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Mulberry fruit protects dopaminergic neurons in toxin-induced Parkinson's disease models.
Br J Nutr. 2010 Jul; 104(1):8-16.BJ

Abstract

Parkinson's disease (PD), one of the most common neurodegenerative disorders, is characterised by the loss of dopaminergic neurons in the substantia nigra pars compacta (SNpc) to the striatum (ST), and involves oxidative stress. Mulberry fruit from Morus alba L. (Moraceae) is commonly eaten, and has long been used in traditional oriental medicine. It contains well-known antioxidant agents such as anthocyanins. The present study examined the protective effects of 70 % ethanol extract of mulberry fruit (ME) against neurotoxicity in in vitro and in vivo PD models. In SH-SY5Y cells stressed with 6-hydroxydopamine (6-OHDA), ME significantly protected the cells from neurotoxicity in a dose-dependent manner. Other assays demonstrated that the protective effect of ME was mediated by its antioxidant and anti-apoptotic effects, regulating reactive oxygen species and NO generation, Bcl-2 and Bax proteins, mitochondrial membrane depolarisation and caspase-3 activation. In mesencephalic primary cells stressed with 6-OHDA or 1-methyl-4-phenylpyridinium (MPP+), pre-treatment with ME also protected dopamine neurons, showing a wide range of effective concentrations in MPP+-induced toxicity. In the sub-acute mouse PD model induced by 1-methyl-4-phenyl-1,2,3,6-tetrahydropyridine (MPTP), ME showed a preventative effect against PD-like symptoms (bradykinesia) in the behavioural test and prevented MPTP-induced dopaminergic neuronal damage in an immunocytochemical analysis of the SNpc and ST. These results indicate that ME has neuroprotective effects in in vitro and in vivo PD models, and that it may be useful in preventing or treating PD.

Authors+Show Affiliations

Department of Oriental Pharmaceutical Science and Kyung Hee East-West Pharmaceutical Research Institute, College of Pharmacy, Kyung Hee University, Dongdaemun-gu, Seoul 130-701, South Korea.No affiliation info availableNo affiliation info availableNo affiliation info availableNo affiliation info availableNo affiliation info availableNo affiliation info availableNo affiliation info available

Pub Type(s)

Journal Article
Research Support, Non-U.S. Gov't

Language

eng

PubMed ID

20187987

Citation

Kim, Hyo Geun, et al. "Mulberry Fruit Protects Dopaminergic Neurons in Toxin-induced Parkinson's Disease Models." The British Journal of Nutrition, vol. 104, no. 1, 2010, pp. 8-16.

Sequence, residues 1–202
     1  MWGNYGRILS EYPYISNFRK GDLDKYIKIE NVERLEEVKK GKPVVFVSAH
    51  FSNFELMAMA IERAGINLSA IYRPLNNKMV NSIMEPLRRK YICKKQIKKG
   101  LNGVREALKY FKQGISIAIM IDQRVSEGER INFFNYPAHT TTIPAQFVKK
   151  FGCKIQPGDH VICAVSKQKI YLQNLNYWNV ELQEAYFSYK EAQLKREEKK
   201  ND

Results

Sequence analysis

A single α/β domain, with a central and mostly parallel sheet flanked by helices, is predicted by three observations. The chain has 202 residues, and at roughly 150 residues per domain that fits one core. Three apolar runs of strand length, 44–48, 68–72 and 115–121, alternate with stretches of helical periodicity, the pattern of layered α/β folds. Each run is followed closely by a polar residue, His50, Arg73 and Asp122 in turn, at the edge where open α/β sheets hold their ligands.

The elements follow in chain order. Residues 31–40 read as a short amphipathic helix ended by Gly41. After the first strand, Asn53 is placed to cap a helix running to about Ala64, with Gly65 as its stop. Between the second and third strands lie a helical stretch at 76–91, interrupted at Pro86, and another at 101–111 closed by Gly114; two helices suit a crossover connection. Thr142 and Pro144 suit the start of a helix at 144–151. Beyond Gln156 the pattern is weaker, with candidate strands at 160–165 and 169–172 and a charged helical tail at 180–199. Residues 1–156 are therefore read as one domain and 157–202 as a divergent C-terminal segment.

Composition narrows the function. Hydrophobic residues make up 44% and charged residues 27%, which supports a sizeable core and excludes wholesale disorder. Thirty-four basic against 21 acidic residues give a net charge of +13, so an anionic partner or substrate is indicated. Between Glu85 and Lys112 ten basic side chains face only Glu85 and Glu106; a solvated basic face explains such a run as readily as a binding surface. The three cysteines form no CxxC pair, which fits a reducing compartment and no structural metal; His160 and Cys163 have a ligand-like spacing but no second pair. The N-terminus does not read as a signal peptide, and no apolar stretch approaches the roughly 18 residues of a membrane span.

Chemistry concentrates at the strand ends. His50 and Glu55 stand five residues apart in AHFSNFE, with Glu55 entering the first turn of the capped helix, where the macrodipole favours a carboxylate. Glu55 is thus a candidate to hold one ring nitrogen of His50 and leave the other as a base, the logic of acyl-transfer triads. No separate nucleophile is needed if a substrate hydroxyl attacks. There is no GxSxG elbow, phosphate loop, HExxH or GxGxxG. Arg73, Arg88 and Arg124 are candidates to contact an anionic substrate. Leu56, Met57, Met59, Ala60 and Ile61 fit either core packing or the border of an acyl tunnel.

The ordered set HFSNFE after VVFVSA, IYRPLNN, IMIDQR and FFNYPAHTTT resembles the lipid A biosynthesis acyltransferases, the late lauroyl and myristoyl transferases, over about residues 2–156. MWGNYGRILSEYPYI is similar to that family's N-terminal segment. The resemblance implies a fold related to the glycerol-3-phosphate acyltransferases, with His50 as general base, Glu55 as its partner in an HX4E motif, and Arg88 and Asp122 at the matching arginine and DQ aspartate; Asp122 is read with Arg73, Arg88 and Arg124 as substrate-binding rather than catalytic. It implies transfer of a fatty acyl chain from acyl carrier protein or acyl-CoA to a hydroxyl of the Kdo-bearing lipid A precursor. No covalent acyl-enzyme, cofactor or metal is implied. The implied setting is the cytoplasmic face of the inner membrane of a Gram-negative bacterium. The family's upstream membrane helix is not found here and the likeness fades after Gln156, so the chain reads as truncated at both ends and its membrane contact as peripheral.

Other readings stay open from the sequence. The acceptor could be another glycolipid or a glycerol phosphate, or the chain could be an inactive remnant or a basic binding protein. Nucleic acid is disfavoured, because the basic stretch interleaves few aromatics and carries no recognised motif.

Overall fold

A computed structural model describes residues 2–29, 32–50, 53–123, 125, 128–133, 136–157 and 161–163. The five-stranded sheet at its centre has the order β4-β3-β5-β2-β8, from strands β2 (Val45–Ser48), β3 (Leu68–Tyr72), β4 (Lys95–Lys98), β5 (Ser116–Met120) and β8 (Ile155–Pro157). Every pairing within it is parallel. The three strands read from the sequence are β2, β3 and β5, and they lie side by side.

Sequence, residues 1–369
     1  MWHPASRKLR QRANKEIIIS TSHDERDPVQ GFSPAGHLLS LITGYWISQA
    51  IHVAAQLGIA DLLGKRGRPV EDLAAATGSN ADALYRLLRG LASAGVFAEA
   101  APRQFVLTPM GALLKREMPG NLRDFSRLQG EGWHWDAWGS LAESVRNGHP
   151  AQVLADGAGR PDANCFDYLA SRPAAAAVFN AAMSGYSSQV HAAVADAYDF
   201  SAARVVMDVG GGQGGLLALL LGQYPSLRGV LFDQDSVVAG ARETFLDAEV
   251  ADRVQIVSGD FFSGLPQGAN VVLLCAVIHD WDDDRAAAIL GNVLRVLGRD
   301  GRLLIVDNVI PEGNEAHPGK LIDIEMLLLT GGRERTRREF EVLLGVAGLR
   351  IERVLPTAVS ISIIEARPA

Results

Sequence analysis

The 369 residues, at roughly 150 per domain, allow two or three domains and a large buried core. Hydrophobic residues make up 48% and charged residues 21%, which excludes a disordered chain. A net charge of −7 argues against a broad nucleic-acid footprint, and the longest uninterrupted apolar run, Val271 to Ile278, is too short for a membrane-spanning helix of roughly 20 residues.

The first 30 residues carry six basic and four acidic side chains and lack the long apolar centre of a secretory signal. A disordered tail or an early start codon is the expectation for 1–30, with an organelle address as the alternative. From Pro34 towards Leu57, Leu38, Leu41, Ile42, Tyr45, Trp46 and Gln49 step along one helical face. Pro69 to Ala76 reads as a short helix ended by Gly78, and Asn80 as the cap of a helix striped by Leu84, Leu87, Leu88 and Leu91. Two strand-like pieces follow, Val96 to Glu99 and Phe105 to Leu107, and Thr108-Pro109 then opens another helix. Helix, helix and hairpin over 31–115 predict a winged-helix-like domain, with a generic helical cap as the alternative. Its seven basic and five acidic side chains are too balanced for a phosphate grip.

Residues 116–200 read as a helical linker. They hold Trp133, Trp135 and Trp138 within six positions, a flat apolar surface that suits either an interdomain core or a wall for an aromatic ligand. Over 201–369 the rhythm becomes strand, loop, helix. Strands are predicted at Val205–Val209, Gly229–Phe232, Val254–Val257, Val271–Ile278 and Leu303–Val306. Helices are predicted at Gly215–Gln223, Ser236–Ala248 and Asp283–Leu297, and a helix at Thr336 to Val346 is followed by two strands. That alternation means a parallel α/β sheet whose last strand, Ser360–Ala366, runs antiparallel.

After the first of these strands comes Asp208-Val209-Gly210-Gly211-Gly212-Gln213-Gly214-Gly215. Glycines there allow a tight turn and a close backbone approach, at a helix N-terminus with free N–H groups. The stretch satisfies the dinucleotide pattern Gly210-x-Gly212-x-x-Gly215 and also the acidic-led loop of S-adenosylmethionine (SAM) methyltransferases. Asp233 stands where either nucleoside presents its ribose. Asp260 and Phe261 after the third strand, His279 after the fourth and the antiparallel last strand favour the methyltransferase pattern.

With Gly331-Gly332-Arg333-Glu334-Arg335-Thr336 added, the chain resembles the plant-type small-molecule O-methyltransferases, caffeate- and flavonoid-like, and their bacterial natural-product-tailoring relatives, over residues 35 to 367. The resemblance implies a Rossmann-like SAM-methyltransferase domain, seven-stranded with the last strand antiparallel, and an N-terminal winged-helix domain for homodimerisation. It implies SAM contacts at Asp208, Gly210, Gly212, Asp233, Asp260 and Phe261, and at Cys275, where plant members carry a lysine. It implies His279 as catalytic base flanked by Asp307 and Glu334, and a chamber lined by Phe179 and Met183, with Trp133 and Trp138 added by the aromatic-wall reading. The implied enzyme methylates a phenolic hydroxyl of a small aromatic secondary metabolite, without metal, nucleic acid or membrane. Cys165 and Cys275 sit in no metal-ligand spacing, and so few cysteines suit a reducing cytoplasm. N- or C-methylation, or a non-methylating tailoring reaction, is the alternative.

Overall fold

Kim HG, Ju MS, Shim JS, et al. Mulberry fruit protects dopaminergic neurons in toxin-induced Parkinson's disease models. Br J Nutr. 2010;104(1):8-16.
Kim, H. G., Ju, M. S., Shim, J. S., Kim, M. C., Lee, S. H., Huh, Y., Kim, S. Y., & Oh, M. S. (2010). Mulberry fruit protects dopaminergic neurons in toxin-induced Parkinson's disease models. The British Journal of Nutrition, 104(1), 8-16. https://doi.org/10.1017/S0007114510000218
Kim HG, et al. Mulberry Fruit Protects Dopaminergic Neurons in Toxin-induced Parkinson's Disease Models. Br J Nutr. 2010;104(1):8-16. PubMed PMID: 20187987.
* Article titles in AMA citation format should be in sentence-case
TY - JOUR T1 - Mulberry fruit protects dopaminergic neurons in toxin-induced Parkinson's disease models. AU - Kim,Hyo Geun, AU - Ju,Mi Sun, AU - Shim,Jin Sup, AU - Kim,Min Cheol, AU - Lee,Sang-Hun, AU - Huh,Youngbuhm, AU - Kim,Sun Yeou, AU - Oh,Myung Sook, Y1 - 2010/02/26/ PY - 2010/3/2/entrez PY - 2010/3/2/pubmed PY - 2010/7/10/medline SP - 8 EP - 16 JF - The British journal of nutrition JO - Br J Nutr VL - 104 IS - 1 N2 - Parkinson's disease (PD), one of the most common neurodegenerative disorders, is characterised by the loss of dopaminergic neurons in the substantia nigra pars compacta (SNpc) to the striatum (ST), and involves oxidative stress. Mulberry fruit from Morus alba L. (Moraceae) is commonly eaten, and has long been used in traditional oriental medicine. It contains well-known antioxidant agents such as anthocyanins. The present study examined the protective effects of 70 % ethanol extract of mulberry fruit (ME) against neurotoxicity in in vitro and in vivo PD models. In SH-SY5Y cells stressed with 6-hydroxydopamine (6-OHDA), ME significantly protected the cells from neurotoxicity in a dose-dependent manner. Other assays demonstrated that the protective effect of ME was mediated by its antioxidant and anti-apoptotic effects, regulating reactive oxygen species and NO generation, Bcl-2 and Bax proteins, mitochondrial membrane depolarisation and caspase-3 activation. In mesencephalic primary cells stressed with 6-OHDA or 1-methyl-4-phenylpyridinium (MPP+), pre-treatment with ME also protected dopamine neurons, showing a wide range of effective concentrations in MPP+-induced toxicity. In the sub-acute mouse PD model induced by 1-methyl-4-phenyl-1,2,3,6-tetrahydropyridine (MPTP), ME showed a preventative effect against PD-like symptoms (bradykinesia) in the behavioural test and prevented MPTP-induced dopaminergic neuronal damage in an immunocytochemical analysis of the SNpc and ST. These results indicate that ME has neuroprotective effects in in vitro and in vivo PD models, and that it may be useful in preventing or treating PD. SN - 1475-2662 UR - https://www.unboundmedicine.com/medline/citation/20187987/Mulberry_fruit_protects_dopaminergic_neurons_in_toxin_induced_Parkinson's_disease_models_ L2 - https://www.cambridge.org/core/product/identifier/S0007114510000218/type/journal_article DB - PRIME DP - Unbound Medicine ER -